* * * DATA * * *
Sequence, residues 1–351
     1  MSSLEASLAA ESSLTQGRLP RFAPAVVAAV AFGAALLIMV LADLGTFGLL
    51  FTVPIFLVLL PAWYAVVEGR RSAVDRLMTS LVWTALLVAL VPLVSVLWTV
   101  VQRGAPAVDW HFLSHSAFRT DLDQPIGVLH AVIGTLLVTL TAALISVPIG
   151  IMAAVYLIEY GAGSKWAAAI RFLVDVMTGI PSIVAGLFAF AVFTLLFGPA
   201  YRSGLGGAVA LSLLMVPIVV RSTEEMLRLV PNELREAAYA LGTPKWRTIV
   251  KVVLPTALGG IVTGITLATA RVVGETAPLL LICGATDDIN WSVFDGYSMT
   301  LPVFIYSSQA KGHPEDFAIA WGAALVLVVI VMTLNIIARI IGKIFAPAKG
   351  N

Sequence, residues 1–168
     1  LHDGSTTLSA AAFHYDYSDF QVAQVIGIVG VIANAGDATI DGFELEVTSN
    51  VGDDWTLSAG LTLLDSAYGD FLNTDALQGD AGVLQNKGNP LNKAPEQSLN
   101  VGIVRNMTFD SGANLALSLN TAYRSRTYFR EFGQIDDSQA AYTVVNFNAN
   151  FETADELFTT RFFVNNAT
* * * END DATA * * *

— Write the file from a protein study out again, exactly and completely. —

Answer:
Sequence, residues 1–351
     1  MSSLEASLAA ESSLTQGRLP RFAPAVVAAV AFGAALLIMV LADLGTFGLL
    51  FTVPIFLVLL PAWYAVVEGR RSAVDRLMTS LVWTALLVAL VPLVSVLWTV
   101  VQRGAPAVDW HFLSHSAFRT DLDQPIGVLH AVIGTLLVTL TAALISVPIG
   151  IMAAVYLIEY GAGSKWAAAI RFLVDVMTGI PSIVAGLFAF AVFTLLFGPA
   201  YRSGLGGAVA LSLLMVPIVV RSTEEMLRLV PNELREAAYA LGTPKWRTIV
   251  KVVLPTALGG IVTGITLATA RVVGETAPLL LICGATDDIN WSVFDGYSMT
   301  LPVFIYSSQA KGHPEDFAIA WGAALVLVVI VMTLNIIARI IGKIFAPAKG
   351  N

Sequence, residues 1–168
     1  LHDGSTTLSA AAFHYDYSDF QVAQVIGIVG VIANAGDATI DGFELEVTSN
    51  VGDDWTLSAG LTLLDSAYGD FLNTDALQGD AGVLQNKGNP LNKAPEQSLN
   101  VGIVRNMTFD SGANLALSLN TAYRSRTYFR EFGQIDDSQA AYTVVNFNAN
   151  FETADELFTT RFFVNNAT